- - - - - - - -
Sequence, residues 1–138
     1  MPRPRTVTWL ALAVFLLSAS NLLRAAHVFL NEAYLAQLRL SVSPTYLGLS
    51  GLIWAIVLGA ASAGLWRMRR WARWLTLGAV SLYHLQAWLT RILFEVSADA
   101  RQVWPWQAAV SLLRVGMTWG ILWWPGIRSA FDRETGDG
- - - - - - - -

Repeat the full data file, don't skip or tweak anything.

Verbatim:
Sequence, residues 1–138
     1  MPRPRTVTWL ALAVFLLSAS NLLRAAHVFL NEAYLAQLRL SVSPTYLGLS
    51  GLIWAIVLGA ASAGLWRMRR WARWLTLGAV SLYHLQAWLT RILFEVSADA
   101  RQVWPWQAAV SLLRVGMTWG ILWWPGIRSA FDRETGDG